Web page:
coca-cola and the banality of evil

Awhile ago, Joseph Orosco asked on his blog, How responsible are people, qua consumers, for the crimes committed by corporations operating in a globalized world?

This is an interesting question, one I’ve thought about quite often over the last 10 years (since I started boycotting Dominoe’s because the owner supposedly supported anti-choice groups — I have no clue if this is true any longer).

Joseph’s question was in response to the practices of companies like Chiquita, Coca-Cola, and Nestle, who have supported paramilitary forces in Latin America, some of which have been used to kill union organizers or to protect the companies, with human rights violations as the result.

I used to not support Coca-Cola because of these practices — not consuming any of their products, only have mixed drinks with Pepsi (which isn’t much better), and so forth. Then, I got lazy. Coca-Cola was so ubiquitous. There were some events where I couldn’t drink anything but water if I didn’t have Coke or Sprite. There were times where I really wanted a rum and coke, so I had “no option” but to drink Coke. This was laziness. It was also motivated by a desire to not seem self-righteous around others and because of the matter of selection — so many corporations do awful things. Shouldn’t I be avoiding them all…

It seems to me that we as consumers are responsible for the actions/results of the companies we support. I would construct a philosophical argument for this, but Coca-Cola themselves has done the work for me (via sociological images):

If supporting Coca-Cola means we are supporting Olympic Athletes, it also means we are supporting the murders of union organizers in Columbia, sanctioned and supported by Coca-Cola.

I’m reminded of Hannah Arendt’s theory of the banality of evil. Discussing Eichmann, she noted that he could only speak in clichés during his trial and gives up his own autonomy, his ability to judge. As philosopher Arne Johan Vetlesen puts it: “Arendt puts forward the claim that Eichmann failed to judge, because he was incapable of representing others in his own mind. […] It is in the refusal to judge that Arendt locates the greatest evils in the political realm; the evil of totalitarianism epitomized in Eichmann was manifest in his lack of imagination, ‘of having present before your eyes and taking into the consideration the others whom you represent'” (98, qting. Arendt).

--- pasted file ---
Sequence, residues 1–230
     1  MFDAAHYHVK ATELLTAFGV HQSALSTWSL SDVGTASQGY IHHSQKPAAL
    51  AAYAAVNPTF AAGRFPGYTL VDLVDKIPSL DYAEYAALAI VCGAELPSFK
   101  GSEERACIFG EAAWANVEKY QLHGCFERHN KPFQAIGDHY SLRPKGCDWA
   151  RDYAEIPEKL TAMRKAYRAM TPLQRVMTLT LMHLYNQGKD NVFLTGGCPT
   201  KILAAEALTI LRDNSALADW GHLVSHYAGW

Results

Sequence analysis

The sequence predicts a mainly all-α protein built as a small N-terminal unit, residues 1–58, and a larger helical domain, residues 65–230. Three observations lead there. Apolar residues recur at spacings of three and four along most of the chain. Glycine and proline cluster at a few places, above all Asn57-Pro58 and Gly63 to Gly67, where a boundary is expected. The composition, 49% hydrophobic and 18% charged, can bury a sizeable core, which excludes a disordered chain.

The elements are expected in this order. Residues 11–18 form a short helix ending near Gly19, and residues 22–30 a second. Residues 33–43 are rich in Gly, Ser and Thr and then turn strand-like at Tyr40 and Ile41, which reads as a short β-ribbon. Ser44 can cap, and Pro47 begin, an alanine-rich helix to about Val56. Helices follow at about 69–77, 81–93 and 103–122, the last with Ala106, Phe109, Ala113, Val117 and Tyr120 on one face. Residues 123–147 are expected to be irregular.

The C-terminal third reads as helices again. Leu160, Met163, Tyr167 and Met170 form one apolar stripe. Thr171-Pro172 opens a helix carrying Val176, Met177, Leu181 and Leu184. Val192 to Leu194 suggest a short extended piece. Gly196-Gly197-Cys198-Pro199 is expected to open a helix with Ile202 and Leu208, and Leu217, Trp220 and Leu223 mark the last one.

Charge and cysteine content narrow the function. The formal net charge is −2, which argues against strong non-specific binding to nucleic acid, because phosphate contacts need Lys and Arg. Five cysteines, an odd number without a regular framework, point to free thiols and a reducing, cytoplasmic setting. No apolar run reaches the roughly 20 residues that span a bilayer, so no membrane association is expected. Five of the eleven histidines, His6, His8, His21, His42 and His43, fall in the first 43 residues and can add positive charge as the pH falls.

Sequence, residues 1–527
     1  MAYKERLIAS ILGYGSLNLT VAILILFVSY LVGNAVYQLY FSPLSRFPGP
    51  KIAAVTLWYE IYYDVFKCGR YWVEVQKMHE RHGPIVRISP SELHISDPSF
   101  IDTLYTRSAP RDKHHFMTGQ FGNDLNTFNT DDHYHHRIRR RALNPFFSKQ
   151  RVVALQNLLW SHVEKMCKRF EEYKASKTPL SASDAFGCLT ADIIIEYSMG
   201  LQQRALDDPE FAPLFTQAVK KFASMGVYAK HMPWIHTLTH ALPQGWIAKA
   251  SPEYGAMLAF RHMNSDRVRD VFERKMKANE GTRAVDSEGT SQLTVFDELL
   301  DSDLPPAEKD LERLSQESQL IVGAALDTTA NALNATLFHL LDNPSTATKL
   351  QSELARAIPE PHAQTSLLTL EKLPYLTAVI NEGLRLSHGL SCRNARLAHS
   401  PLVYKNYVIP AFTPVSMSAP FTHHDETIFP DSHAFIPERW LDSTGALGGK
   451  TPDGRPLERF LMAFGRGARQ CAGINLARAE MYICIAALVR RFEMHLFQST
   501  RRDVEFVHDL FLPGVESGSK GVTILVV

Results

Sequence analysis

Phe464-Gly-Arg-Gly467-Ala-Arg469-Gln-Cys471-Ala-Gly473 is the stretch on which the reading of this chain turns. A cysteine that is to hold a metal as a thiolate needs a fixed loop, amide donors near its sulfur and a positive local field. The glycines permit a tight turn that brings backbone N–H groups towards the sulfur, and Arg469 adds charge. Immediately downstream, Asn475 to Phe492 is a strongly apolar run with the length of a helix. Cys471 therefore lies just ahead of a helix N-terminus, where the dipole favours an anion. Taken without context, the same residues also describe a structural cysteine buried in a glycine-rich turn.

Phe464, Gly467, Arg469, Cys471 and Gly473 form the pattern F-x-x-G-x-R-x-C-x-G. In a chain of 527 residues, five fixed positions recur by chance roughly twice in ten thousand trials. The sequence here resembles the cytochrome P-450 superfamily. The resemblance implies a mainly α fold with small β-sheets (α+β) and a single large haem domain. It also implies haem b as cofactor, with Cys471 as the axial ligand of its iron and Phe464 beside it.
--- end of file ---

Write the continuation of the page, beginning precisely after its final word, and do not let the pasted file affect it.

Vetlesen’s concern in his book Perception, Empathy, and Judgment is with “what the role of emotions is in providing us with an entry into the moral realm” (5). Arguing against Arendt (among others), Vetlesen argues that emotions are necessary “in providing us with an access to the domain of the moral” (6) because before we can judge, we must perceive, and for Vetlesen, empathy is the necessary emotion for facilitating our moral perception (5-6).

For me, the facts of the matter (Coca-Cola’s crimes against humanity) were merely facts; was it empathy that for a while helped me to avoid Coca-Cola? Was it a waning of empathy — a cynicism? — that facilitated giving in and purchasing Coca-Cola? Did I begin to fail to see this a morally relevant situation? Was the banality of my thinking solely a lack of reason, as Arendt would argue, or was empathy (or a lack thereof) involved?

Vetlesen, Arne Johan. Perception, Empathy, and Judgment: An Inquiry into the Preconditions of Moral Performance. University Park, PA: The Pennsylvania State UP, 1994.

This entry was posted in Empathy, Ethics. Bookmark the permalink.

Leave a Reply

Your email address will not be published. Required fields are marked *